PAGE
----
Home > Reading > Daily Reading – December 7, 2020

Readings: Isaiah 5:8-17; Psalm 145; 1 Thessalonians 5:1-11; Luke 21:20-28


While our North American culture seems to celebrate Christmas more as a secular holiday, the Church values Advent as a time for spiritual reflection and meditation. We reserve most of the focus on prophecies about the Babe of Bethlehem for later in December, hearing about John the Baptist, Mary and Joseph the third and fourth Sundays in Advent. The first two weeks follow closely the themes laid out on the last Sunday of the Church year, Christ the King Sunday, when we hear of Jesus returning in power and glory. This is true also in the daily lectionary which we are following in these devotions.

This explains, then, the reading above about the destruction and desolation of Jerusalem, days of vengeance, great distress and wrath, signs in sun, moon and stars, people fainting with fear and foreboding of what is coming on the world. “For the powers of the heavens will be shaken,” says the Lord Jesus. And what a prophecy! From the Lord, Himself! Who would want to be alive to witness such upheaval? And why does the Lord share this with His followers? We might be better off not knowing what is to come. And yet, the Lord wants us to be prepared, watching and waiting. The Lord wants us to be aware of the times and signs so that when that day comes, it will not catch us unaware. Rather, Jesus says, “Now when these things begin to take place, straighten up and raise your heads, because your redemption is drawing near.” The Lord shares these things with us so that we will better understand the “birth pangs” of the coming of the new age (Matthew 24:8). Even more, He wants us to understand them so that we will attend to His coming — not cowering in fear, but standing straight, with heads up and looking for Him as He comes.

Prayer: Oh, come, oh come, Emmanuel, and ransom captive Israel, that mourns in lonely exile here, until the Son of God appear. Amen.

Advent Action: Learn something about Ambrose, bishop of Milan. His Advent hymn says, “All praise, eternal Son, to Thee, whose advent sets Thy people free.” Here is a link to information on the bishop: oca.org/saints/lives/2020/12/07/103485-saint-ambrose-bishop-of-milan

Advent is a time of preparation! As John the Forerunner called people to “prepare the way of the Lord,” this Advent many Christians will look for additional opportunities to prepare inwardly while also preparing outwardly. As we prepare our homes and churches for celebrating Christmas, most hope to have additional time to read Scripture, pray, worship and meditate, and we look for quiet time to prepare our hearts and lives for the many ways the Lord comes to us.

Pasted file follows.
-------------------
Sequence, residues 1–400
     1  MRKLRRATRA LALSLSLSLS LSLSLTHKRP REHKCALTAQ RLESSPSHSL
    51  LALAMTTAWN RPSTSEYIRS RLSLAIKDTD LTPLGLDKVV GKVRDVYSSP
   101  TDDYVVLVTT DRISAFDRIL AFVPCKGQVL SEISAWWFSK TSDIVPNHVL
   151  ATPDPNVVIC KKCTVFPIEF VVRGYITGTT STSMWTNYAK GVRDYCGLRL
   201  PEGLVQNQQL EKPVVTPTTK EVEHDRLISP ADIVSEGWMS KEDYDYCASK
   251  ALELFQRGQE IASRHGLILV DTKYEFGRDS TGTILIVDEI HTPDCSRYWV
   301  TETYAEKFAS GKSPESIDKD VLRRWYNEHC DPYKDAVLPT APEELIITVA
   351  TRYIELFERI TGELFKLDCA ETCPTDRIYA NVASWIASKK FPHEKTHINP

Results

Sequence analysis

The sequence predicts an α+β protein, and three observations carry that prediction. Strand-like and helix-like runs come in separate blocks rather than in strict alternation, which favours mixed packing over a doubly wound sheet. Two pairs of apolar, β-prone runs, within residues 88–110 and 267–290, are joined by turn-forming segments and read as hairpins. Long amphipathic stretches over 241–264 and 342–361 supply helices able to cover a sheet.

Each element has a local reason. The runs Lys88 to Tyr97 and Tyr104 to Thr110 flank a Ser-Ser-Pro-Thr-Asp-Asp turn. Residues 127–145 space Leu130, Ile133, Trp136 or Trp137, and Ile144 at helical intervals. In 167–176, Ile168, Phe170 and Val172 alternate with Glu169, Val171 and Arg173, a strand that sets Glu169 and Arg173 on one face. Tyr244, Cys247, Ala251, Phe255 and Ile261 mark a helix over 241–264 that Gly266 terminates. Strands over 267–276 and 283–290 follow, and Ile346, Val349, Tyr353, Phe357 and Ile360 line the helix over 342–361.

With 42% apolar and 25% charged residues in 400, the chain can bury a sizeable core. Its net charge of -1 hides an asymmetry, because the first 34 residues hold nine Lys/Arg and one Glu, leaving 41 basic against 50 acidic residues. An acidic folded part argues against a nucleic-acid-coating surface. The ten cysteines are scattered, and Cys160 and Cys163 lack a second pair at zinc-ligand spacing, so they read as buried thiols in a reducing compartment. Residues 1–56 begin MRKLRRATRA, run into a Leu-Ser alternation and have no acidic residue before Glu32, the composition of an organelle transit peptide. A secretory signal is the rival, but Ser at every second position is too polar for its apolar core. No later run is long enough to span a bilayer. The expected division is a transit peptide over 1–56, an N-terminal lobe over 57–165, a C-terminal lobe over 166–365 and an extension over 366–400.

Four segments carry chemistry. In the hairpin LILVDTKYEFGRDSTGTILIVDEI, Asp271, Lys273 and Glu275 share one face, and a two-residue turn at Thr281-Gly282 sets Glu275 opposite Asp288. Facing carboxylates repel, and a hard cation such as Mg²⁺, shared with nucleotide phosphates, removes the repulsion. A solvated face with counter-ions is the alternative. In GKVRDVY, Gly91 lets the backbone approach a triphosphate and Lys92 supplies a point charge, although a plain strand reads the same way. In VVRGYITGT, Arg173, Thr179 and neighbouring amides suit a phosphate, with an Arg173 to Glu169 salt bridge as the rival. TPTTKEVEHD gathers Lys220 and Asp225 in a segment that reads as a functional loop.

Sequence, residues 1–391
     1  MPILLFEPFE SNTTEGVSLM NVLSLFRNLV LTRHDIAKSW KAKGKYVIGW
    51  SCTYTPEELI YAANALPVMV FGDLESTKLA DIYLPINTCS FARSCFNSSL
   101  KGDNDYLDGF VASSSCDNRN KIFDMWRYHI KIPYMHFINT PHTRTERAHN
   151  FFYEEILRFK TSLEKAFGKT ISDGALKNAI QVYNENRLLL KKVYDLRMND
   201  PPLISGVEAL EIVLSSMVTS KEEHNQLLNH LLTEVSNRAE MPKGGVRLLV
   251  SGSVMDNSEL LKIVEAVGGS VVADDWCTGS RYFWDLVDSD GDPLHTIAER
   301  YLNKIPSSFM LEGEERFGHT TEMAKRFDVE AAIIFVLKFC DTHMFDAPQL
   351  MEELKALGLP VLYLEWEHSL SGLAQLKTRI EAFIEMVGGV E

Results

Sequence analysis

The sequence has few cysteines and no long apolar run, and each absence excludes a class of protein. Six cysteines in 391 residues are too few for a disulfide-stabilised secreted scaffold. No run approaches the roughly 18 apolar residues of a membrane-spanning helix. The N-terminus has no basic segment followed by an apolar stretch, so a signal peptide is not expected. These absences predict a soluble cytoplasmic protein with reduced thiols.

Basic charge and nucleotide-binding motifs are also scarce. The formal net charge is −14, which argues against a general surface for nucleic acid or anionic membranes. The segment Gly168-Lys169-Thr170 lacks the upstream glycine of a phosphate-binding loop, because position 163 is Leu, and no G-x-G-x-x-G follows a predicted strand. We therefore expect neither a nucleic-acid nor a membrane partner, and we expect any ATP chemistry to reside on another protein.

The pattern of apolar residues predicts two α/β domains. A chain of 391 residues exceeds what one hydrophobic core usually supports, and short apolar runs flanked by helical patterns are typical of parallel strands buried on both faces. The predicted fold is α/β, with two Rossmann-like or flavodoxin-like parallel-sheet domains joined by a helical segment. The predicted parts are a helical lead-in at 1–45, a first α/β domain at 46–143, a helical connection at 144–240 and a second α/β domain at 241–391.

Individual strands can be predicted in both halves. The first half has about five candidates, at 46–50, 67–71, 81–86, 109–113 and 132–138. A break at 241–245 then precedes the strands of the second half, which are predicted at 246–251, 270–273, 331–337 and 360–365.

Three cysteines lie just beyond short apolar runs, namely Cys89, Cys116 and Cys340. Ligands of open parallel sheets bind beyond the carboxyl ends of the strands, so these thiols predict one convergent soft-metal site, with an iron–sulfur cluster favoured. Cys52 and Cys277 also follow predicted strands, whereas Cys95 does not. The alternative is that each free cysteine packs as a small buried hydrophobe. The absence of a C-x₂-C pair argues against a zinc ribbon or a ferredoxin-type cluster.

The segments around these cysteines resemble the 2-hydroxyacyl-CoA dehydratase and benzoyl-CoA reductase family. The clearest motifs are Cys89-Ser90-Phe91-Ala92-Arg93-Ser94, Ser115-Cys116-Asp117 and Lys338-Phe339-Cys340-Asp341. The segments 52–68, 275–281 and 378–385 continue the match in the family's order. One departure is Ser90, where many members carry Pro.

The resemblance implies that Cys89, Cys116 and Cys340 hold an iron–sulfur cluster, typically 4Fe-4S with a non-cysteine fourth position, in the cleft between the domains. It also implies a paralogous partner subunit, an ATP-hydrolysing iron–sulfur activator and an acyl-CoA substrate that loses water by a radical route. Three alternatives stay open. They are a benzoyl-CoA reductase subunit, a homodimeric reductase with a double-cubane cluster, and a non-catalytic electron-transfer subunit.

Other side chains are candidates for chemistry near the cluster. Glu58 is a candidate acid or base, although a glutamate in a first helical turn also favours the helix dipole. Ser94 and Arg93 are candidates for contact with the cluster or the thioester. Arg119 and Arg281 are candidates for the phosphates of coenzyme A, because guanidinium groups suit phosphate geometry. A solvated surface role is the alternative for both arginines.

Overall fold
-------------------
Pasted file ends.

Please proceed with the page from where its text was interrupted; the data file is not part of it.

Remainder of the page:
These devotions are for home and personal devotion, in addition to communal Advent worship. Our prayer is that they provide the reader with a brief, accessible devotional to deepen the Advent journey. They are written for those who may regularly spend in-depth time in Scripture and prayer but are also prepared in the hope that those who do not have a practice of daily devotions may find them a useful tool in developing a holy habit that may continue on long after Christmas.

This Advent daily devotional booklet, appropriately titled, Prepare the Way of the Lord, is based on the two-year daily lectionary provided in the Lutheran Book of Worship, Year I. This series of daily lessons is intended for Advent prior to odd-numbered years. The daily lectionary appoints three lessons for each day, and a seasonal psalm. For the purposes of this booklet, one reading has been chosen as the basis for each day’s reflection. The entire reading is usually provided, although there has been some verses left out due to space available. When the biblical text is longer, we have provided that entire text with a shorter devotion because the Word of God is more powerful than our humble reflections.